Official pledges led by Washington to find resolutions to long-accumulating problems of climate change could be regarded as a breakthrough. This track is doomed with additional challenges faced amidst contradictory paths between economic growth and reducing emissions.
Developing solution protocols to deal with climate change have not proven efficient due to several reasons: minimal respect from signatory states to their own pledges; loose unbinding measures that rarely led to sanctioning violating members, and pressure exerted by many international corporations to avoid any notable cut in emissions that would avoid economic growth and increase unemployment.
This view was never adopted by US climate envoy John Kerry who said at the Institute of International Finance: “no government is going to solve this problem of climate change. Solutions are to come from the private sector.”
Could the private sector take the initiative?
They are heavily responsible for emissions and pollution, but doing so voluntarily would slash profits, and divert the course of production towards environment-friendly models?
The private sector is an indispensable partner in this battle, but it cannot simply lead the war against itself, its interests and its accumulating profits. Leading this process entails a drastic shift in its principles, values, and, most importantly its traditional means of production. The sharp drop in the cost of renewable energy is by no means an indicator that the private sector is willing to leap towards this fundamental change.
In addition to this, there is a huge responsibility lying beyond the capacity or the role of the private sector. In the US, for example, based on the government’s ambitious infrastructure plan $174 billion is needed to build 500,000 electric vehicle charging stationsIf the car manufacturers immediately shift towards the production of electric cars and the stations are not constructed and installed, then the whole effort is futile. The same applies to offshore wind turbines and solar farms. Therefore, it is PPP formula (private public partnership) that will bring about incremental change.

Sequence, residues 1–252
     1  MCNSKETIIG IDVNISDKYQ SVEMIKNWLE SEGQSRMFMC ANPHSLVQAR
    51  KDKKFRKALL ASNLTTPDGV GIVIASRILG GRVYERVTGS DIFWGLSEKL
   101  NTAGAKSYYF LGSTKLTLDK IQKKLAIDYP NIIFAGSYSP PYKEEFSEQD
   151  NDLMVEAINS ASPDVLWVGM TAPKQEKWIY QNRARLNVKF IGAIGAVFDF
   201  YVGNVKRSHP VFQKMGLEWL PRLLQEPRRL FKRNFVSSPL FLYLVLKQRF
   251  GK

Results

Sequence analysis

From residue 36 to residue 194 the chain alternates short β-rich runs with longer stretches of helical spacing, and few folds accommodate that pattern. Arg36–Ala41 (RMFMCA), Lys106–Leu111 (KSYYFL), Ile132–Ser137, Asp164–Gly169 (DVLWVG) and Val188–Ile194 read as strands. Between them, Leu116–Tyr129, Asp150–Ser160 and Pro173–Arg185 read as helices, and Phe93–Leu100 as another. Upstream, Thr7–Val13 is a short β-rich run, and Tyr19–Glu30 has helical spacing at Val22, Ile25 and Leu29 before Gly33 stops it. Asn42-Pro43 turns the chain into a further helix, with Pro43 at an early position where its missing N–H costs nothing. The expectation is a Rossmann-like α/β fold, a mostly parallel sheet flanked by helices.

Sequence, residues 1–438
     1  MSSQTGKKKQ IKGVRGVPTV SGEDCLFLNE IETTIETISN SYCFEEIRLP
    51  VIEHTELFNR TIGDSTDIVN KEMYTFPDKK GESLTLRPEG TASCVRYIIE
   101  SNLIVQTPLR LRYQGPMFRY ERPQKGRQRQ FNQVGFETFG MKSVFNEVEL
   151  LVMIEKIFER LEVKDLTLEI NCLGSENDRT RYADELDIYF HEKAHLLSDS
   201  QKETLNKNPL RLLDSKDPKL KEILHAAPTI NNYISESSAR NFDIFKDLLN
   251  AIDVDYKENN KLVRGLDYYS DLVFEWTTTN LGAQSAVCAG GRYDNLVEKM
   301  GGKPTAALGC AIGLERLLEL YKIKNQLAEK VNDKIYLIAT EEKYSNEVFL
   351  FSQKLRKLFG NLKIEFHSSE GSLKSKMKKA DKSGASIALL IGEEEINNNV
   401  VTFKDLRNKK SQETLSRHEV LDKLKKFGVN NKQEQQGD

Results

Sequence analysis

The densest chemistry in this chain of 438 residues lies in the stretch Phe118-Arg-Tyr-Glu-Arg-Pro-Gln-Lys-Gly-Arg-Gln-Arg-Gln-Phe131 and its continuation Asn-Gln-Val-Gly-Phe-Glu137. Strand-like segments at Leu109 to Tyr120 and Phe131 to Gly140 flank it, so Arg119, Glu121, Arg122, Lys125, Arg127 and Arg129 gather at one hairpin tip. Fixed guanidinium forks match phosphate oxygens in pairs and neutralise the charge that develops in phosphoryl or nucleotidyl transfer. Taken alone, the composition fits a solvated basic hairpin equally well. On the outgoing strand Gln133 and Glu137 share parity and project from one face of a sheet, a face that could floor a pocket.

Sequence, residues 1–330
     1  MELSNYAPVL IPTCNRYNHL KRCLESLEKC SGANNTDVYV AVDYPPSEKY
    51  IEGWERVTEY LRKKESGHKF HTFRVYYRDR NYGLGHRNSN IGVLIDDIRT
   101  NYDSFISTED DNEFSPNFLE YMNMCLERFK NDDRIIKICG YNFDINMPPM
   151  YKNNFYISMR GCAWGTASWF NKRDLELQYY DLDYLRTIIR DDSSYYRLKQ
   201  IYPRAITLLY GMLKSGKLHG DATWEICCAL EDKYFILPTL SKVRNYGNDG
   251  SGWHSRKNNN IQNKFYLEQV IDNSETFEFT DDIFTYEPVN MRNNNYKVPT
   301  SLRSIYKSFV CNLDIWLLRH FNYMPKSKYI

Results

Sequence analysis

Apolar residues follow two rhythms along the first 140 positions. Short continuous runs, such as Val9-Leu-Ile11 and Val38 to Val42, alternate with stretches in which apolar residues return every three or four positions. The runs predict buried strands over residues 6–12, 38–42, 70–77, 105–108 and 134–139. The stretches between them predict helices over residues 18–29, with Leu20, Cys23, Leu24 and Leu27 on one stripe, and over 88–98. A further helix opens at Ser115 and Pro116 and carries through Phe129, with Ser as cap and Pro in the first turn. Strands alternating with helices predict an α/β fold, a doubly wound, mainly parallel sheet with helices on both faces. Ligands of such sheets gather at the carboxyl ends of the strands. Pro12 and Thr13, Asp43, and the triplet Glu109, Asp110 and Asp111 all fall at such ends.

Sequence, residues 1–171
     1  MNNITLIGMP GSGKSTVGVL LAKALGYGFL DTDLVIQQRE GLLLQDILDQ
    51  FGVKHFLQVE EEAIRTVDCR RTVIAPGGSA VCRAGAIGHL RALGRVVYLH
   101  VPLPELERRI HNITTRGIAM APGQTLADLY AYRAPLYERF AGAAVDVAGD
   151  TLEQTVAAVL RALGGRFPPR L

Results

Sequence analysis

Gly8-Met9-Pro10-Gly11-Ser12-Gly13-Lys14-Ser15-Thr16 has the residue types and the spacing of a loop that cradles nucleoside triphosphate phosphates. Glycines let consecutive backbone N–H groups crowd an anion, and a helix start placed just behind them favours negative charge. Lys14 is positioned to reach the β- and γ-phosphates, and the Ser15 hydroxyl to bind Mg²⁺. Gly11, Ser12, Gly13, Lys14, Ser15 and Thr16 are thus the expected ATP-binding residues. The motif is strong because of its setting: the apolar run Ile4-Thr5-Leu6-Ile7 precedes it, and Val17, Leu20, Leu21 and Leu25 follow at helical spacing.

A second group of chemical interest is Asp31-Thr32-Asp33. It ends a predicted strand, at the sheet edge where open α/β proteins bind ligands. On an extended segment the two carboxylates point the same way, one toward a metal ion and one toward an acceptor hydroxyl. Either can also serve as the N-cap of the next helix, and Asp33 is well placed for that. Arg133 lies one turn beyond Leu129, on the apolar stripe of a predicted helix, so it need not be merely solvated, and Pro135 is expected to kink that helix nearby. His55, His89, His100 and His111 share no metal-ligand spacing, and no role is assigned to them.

Such an attempt has materialized in an initiative, described as the first and largest of its kind to funnel $1 billion from governments and the private sector hand-in-hand. The US, Britain and Norway along with Amazon, Nestle, Unilever, and Salesforce announced they will supply money to countries that prove they are preserving tropical deforestation.
Despite economic slowdown in an unprecedented manner due to COVID-19, cutting down rainforests, and particularly in Brazil, Democratic Republic of Congo and Bolivia, the sum made available is barely significant compared to the scale of the problem.
True, the Biden administration took a big step when revoking Trump’s unilateral decision to withdraw from the Paris climate agreement. The incumbent President on his first day in office made a series of executive orders to accelerate the transition away from fossil fuels, address environmental issues and preserve biodiversity (or what is left of it).
This is just the beginning.
The central theme upon which the two-day climate summit hosted by Washington last week and attended by a large number of state leaders (including China which is America’s counterpart in extreme pollution), revolved around the concept that the US cannot undertake this enormous mission on its own. It needs partners from across the globe to foster radical change and introduce new methods of production that are environment-friendly. Basically, it needs the support of the grand industrial and rich states to proceed and eventually succeed.
Biden formally pledged during the summit that his country would cut its greenhouse gas emissions by 50 to 52 percent relative to 2005 levels by 2030. The US has traditionally been the biggest emitter of carbon. China, in contrast, has been the largest greenhouse gas emitter in the world, a position where the US was placed second. For his part, Chinese President Xi Jinping pledged to reduce coal consumption between 2026 and 2030. General pledges pave the road to leeway of escape.
Reviving international discussion on the long neglected topic of climate change is considered a necessary new beginning, but unless accompanied by concrete steps is pointless.